(TechnologyNetworks) A new study led by a physicist at Lawrence Berkeley National Laboratory (Berkeley Lab), published in the journal Scientific Reports, details how a quantum computing technique called “quantum annealing” can be used to solve problems relevant to fundamental questions in nuclear physics about the subatomic building blocks of all matter. It could also help answer other vexing questions in science and industry, too.
“No quantum annealing algorithm exists for the problems that we are trying to solve,” said Chia Cheng “Jason” Chang, a RIKEN iTHEMS fellow in Berkeley Lab’s Nuclear Science Division and a research scientist at RIKEN, a scientific institute in Japan.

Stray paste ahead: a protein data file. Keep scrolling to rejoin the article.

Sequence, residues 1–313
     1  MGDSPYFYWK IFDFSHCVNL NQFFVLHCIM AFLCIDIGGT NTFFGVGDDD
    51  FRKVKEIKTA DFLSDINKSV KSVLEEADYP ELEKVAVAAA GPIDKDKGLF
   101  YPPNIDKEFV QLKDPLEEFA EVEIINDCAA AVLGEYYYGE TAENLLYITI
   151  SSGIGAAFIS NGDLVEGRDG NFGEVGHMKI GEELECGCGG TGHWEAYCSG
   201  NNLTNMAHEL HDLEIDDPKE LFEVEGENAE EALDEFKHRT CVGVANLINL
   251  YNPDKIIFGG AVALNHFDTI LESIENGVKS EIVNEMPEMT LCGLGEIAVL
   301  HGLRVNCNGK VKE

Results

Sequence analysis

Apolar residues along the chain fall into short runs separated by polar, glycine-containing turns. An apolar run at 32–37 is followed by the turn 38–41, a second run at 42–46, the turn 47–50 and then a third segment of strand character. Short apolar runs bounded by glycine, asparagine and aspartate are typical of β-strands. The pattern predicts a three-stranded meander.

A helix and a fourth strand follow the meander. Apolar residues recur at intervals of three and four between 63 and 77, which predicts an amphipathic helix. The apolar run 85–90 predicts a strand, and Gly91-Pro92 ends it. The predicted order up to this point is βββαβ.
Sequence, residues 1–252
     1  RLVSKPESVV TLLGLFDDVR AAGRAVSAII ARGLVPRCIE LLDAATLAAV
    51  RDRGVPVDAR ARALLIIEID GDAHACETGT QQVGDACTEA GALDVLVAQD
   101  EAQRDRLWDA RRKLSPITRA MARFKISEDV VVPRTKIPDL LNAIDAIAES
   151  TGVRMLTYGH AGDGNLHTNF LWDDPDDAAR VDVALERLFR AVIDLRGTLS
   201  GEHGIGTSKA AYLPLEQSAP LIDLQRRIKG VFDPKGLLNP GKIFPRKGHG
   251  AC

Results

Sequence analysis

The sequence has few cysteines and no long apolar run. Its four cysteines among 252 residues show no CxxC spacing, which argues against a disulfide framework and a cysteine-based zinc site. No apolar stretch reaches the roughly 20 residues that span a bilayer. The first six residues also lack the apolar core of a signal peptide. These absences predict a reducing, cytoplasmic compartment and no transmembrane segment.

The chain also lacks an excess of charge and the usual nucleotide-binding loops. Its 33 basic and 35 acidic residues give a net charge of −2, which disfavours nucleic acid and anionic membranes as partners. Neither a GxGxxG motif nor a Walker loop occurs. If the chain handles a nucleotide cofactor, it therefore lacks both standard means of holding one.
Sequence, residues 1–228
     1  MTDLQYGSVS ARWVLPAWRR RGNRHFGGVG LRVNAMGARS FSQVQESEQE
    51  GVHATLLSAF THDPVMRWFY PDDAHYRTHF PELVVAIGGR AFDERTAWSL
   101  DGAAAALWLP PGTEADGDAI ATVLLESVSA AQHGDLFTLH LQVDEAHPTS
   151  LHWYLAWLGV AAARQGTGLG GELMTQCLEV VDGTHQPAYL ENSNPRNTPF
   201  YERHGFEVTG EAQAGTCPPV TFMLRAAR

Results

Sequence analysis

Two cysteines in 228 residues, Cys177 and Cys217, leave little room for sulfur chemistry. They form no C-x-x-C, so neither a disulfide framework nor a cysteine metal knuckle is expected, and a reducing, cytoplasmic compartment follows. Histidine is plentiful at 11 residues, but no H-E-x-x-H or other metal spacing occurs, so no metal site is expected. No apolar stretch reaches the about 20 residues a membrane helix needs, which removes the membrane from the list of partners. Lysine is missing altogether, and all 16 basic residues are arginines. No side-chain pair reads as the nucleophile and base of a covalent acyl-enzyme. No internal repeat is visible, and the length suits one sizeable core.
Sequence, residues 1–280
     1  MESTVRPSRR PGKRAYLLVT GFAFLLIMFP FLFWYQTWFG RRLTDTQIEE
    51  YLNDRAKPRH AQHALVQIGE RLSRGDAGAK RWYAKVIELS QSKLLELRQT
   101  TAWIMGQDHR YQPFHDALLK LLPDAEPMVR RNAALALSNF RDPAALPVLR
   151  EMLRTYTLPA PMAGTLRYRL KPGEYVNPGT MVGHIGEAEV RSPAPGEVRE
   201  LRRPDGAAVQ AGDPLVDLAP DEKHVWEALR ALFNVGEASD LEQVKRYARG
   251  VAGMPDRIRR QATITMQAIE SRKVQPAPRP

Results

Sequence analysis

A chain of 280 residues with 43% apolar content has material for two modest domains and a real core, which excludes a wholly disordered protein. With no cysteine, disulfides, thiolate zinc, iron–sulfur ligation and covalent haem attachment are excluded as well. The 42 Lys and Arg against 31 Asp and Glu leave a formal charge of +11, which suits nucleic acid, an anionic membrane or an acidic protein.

The problems we are looking at are really, really big,” said Chang, who led the international team behind the study. “The idea here is that the quantum annealer can evaluate a large number of variables at the same time and return the right solution in the end.”
The same problem-solving algorithm that Chang devised for the latest study, and that is available to the public via open-source code, could potentially be adapted and scaled for use in systems engineering and operations research, for example, or in other industry applications.

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